With the blockchain system, we replaced the role of the bank as the intermediary. We take the same iris scan information to create wallets for unique individuals on the blockchain, we trace the transactions, and we are able to do all of the reconciliations ourselves.

Little girl smiling next to donkey
Hydroponic solutions in Chad are helping increase the production of milk and meat in an effort to improve the nutrition levels of people living there.

The exciting news doesn’t stop at blockchain, though. Tell us about what you’re exploring for AI.

WFP is looking, for example, at whether we can use AI or machine learning to scan satellite images that help us look at anything from infrastructure changes or destruction to population movements. With satellite imagery, we receive what’s called an unmapped aerial visual (UAV) — and human analysts have to spend quite a lot of time analyzing those images. To give you an idea, 20 minutes of UAV imagery takes a human analyst half a day to look through, because it’s a lot of data. So we have started building prototypes of machine learning, method training machines to identify, for example, that this is a bridge and that this is a bridge destroyed. And we should be able to leverage the human capacity to monitor a lot more satellite sites and a lot more drone imagery, all in less time.

Another application is using optical character recognition for digitizing health records and nutrition-tracking records in different places — because across the developing world, you find health clinics full of stacks of dusty paper. And it’s data on paper, but it’s only collected every few years for the usage of statistics in government. So we are looking to build more real-time data-monitoring systems. Right now, we’re developing a system using a flip phone — not even a smartphone — with MMS [multimedia messaging service] technology, where you can snap a picture of a health record and send it by MMS to a central computer, which will then translate it directly into digital form.

Speaking of phones — but smartphones — tell us about your meal-sharing app.

We created ShareTheMeal, which is an app where you’re able to provide 50 cents as a contribution, which is enough food to feed one child for one day in our average operation.

Robert Opp, Director of Innovation and Change Management, United Nations World Food Programme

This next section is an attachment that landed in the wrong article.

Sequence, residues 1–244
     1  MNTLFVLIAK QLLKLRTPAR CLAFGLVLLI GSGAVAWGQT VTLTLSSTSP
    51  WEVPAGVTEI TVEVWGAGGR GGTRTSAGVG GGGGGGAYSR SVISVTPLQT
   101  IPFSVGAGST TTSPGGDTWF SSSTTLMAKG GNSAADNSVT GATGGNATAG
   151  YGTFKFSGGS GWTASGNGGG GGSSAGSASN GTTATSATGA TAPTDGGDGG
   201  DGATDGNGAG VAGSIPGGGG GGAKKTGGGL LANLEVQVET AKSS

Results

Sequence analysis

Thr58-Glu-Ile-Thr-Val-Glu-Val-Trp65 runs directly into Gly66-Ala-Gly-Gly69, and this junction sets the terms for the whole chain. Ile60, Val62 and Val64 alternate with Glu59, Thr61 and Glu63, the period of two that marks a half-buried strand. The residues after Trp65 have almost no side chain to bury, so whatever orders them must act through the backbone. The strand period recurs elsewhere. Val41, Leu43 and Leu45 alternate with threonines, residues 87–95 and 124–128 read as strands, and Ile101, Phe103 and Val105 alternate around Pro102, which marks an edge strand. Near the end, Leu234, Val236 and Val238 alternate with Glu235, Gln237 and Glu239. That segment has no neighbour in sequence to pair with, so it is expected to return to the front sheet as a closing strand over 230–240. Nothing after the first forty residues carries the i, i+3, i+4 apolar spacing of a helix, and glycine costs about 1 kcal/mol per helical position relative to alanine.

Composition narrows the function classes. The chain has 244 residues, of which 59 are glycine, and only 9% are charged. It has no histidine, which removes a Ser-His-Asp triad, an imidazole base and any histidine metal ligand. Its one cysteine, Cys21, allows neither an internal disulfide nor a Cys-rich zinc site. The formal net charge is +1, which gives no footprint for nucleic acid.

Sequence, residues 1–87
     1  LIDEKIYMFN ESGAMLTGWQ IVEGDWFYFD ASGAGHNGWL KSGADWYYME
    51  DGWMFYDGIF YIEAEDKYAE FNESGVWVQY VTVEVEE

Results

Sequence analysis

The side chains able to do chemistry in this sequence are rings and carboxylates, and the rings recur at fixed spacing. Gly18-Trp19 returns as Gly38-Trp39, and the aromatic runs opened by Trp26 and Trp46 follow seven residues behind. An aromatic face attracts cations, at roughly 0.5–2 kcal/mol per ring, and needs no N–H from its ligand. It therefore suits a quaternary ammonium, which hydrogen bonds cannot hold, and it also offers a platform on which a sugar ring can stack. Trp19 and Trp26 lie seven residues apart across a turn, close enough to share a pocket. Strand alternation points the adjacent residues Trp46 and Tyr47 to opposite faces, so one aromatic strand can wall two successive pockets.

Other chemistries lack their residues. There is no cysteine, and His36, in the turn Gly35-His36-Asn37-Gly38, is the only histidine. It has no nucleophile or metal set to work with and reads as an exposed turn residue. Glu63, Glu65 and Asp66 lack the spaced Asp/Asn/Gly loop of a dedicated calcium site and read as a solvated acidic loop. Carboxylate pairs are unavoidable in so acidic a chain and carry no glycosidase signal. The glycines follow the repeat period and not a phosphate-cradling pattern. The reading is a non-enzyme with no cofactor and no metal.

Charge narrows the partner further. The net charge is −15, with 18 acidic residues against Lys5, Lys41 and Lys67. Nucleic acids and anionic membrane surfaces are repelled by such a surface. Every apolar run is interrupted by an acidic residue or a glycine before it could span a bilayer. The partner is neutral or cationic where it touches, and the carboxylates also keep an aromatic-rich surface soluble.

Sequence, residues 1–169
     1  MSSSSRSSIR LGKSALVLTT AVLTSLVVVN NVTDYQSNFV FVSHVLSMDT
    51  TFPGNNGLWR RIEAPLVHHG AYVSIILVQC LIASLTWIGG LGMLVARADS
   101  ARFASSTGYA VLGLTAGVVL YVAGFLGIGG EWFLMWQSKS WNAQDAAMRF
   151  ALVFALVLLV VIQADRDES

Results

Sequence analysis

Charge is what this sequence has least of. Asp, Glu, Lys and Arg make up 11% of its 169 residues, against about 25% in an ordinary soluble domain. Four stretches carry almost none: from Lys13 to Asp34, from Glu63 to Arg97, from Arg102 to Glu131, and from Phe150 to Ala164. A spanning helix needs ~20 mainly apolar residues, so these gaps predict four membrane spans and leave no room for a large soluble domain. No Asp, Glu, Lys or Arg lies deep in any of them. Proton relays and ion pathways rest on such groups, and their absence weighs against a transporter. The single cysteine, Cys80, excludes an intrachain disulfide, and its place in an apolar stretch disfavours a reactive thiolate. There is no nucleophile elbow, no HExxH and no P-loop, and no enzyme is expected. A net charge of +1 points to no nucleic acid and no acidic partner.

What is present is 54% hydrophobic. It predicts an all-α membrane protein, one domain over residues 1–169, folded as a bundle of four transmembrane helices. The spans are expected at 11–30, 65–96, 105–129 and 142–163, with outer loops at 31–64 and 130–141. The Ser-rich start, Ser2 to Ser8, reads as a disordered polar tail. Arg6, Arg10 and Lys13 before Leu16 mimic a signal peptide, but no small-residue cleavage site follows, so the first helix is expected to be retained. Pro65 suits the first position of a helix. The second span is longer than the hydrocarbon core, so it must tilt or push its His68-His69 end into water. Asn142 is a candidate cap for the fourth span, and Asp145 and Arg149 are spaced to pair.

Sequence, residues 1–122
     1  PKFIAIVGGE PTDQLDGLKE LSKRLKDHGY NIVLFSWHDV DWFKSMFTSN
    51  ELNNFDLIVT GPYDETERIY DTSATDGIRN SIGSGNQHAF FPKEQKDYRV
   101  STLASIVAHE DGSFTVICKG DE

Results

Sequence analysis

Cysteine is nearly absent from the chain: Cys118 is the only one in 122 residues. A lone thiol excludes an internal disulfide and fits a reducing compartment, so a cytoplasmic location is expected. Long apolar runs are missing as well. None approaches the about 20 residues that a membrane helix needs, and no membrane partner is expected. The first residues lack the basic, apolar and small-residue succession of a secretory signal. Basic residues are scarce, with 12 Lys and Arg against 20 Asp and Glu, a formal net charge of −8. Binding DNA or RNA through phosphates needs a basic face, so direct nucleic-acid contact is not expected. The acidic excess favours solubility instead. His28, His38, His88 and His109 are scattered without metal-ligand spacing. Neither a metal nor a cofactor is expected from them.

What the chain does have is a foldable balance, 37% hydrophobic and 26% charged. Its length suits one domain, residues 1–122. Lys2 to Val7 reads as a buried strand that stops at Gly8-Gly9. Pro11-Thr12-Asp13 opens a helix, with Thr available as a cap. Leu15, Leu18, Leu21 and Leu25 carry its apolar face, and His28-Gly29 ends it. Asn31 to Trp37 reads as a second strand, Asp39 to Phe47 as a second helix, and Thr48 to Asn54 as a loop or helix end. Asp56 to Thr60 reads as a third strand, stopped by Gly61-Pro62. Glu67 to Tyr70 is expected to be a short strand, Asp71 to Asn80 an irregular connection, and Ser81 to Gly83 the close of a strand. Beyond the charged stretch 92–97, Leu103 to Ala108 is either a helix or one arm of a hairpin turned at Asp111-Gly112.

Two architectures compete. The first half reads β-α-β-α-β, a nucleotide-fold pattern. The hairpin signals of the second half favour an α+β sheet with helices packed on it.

More and more smartphones are being purchased and used by people around the world. All of these people are using apps for everything else, so we thought, why don’t we ask a lot of people to do just a little bit in the fight against hunger? And we created ShareTheMeal, which is an app where you’re able to provide 50 cents as a contribution, which is enough food to feed one child for one day in our average operation. And you can choose 50 cents a day, week, month or year. It’s an easy way for people to get involved in the fight against hunger.

Most people don’t think of an app when they think of ending world hunger. What’s your thinking regarding the future of such innovations for WFP and other organizations that help the world’s most vulnerable people?

I am convinced that we can and we must develop the right business models to translate technologies that can arguably have a lot more benefit for those who are most vulnerable in delivering these kinds of services and assistance — rather than, say, your consumer who’s getting groceries within two hours in San Francisco. I have nothing against those systems. They drive the technology that can allow us to offer similar or stronger benefits to those who are vulnerable. It’s really about that translation and acceleration, if you will — about how these extraordinary and life-changing technologies can be applied to the problems and challenges of humanity.


To learn more about WFP innovations and to share your idea, go to innovation.wfp.org.

PHOTO AT TOP: The World Food Programme’s innovation accelerator helped develop H2Grow, a hydroponic system that allows people to grow food in arid countries such as Chad.